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First look at the iPhone: Tomorrow's technology today

The iPhone does indeed deliver as promised

June 30, 2007 12:00 PM ET

Computerworld - Editor's note: In honor of the five-year anniversary of the iPhone's release, we're highlighting our original review of the phone from June 30, 2007.

I'm not ashamed to admit that the technology of Star Trek (especially The Next Generation) helped spark my interest and eventual career in IT. The gizmos and flashy technology always appealed to me, and I always found it fascinating that for the crew of the Enterprise, everything contained computers, yet most devices remained functionally similar to what we use today.

Apple Inc. CEO Steve Jobs seems to feel the same way. When The Wall Street Journal's Walt Mossberg in a recent interview with Jobs described the iPhone as actually a mobile computer with a phone in it, Jobs noted that lots of things have computers in them, but nobody calls them computers. A car is still a car, he said, yet cars have many computers in them. Suddenly, I realized my Star Trek future had arrived, hundreds of years early.

Forget communicators and phasers. I have something better and seemingly more advanced. I have an iPhone, the 8GB model that retails at a pricey $599. More about how it works -- and a couple of glitches -- below. (For another take on the iPhone, see "Hands on: Five things I love, and three I don't, about the iPhone").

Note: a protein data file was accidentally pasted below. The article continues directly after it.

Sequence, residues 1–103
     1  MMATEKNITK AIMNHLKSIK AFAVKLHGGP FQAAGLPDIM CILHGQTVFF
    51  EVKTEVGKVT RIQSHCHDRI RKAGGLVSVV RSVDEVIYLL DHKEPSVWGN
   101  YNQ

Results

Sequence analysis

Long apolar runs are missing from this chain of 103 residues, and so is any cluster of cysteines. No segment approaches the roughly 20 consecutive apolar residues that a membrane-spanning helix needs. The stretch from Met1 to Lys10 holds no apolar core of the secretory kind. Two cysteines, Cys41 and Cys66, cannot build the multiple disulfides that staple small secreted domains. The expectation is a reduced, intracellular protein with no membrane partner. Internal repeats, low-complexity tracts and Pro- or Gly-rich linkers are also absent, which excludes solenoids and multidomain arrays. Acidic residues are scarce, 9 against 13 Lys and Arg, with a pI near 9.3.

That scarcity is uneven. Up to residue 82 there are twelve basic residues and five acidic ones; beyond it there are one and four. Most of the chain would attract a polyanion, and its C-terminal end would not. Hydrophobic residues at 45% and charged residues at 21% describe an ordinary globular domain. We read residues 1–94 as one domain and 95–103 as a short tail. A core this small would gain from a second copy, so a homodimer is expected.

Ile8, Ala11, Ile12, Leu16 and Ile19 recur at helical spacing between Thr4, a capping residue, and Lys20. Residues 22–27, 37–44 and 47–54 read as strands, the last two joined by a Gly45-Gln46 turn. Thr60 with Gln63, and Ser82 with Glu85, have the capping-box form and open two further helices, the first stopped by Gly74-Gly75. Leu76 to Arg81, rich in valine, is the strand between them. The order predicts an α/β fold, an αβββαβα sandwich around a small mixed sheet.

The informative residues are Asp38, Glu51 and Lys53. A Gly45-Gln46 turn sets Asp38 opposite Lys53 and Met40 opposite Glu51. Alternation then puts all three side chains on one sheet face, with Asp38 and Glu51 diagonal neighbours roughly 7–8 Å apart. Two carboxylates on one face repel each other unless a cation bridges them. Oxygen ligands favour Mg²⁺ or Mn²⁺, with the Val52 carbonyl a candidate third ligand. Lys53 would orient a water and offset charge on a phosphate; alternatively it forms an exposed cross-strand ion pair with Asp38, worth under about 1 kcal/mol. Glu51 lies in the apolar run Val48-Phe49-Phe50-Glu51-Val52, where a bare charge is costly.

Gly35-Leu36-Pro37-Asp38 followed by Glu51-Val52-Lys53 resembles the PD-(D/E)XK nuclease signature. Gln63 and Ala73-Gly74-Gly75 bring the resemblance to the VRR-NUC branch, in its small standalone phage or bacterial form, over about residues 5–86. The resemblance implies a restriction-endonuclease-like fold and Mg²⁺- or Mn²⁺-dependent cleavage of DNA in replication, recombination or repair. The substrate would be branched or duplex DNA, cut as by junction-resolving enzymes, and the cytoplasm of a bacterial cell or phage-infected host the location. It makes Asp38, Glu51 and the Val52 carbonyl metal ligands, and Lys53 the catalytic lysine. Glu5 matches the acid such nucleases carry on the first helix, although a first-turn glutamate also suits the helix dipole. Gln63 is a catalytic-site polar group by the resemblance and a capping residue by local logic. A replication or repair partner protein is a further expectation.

I've been waiting for this for six months, and yet the past six hours, standing in line with nothing but an iPod outside an AT&T store in the Florida sun yesterday, were the hardest. I was No. 7, and I learned a little bit about just who's buying these things while waiting. The line had grown to more than 20 people when one of the AT&T reps came out and conducted an impromptu survey. How many Macintosh people; how many Windows users? The crowd was split down the middle. How many AT&T customers; how many from other mobile providers? Again, we were split half and half.

I don't know how those proportions played out nationwide. But Apple's reach into the Windows world seems to be working.

The AT&T store closed at 4:30 p.m. to prepare for its reopening at 6. Not long after, AT&T workers brought out the floor-model iPhones for the first time. There, beyond the glass, not five feet away, was the hottest, most-talked-about product ever to come out. First impression? Wow, sexy.

Pictures, for the aesthetically minded, didn't do the iPhone justice. In person, the phone is sexy. It's a deep black surrounded by a halo of silver. It's thinner than one might expect, and the floor model separated from me by the unwavering glass really just exuded sexy. No other word for it.

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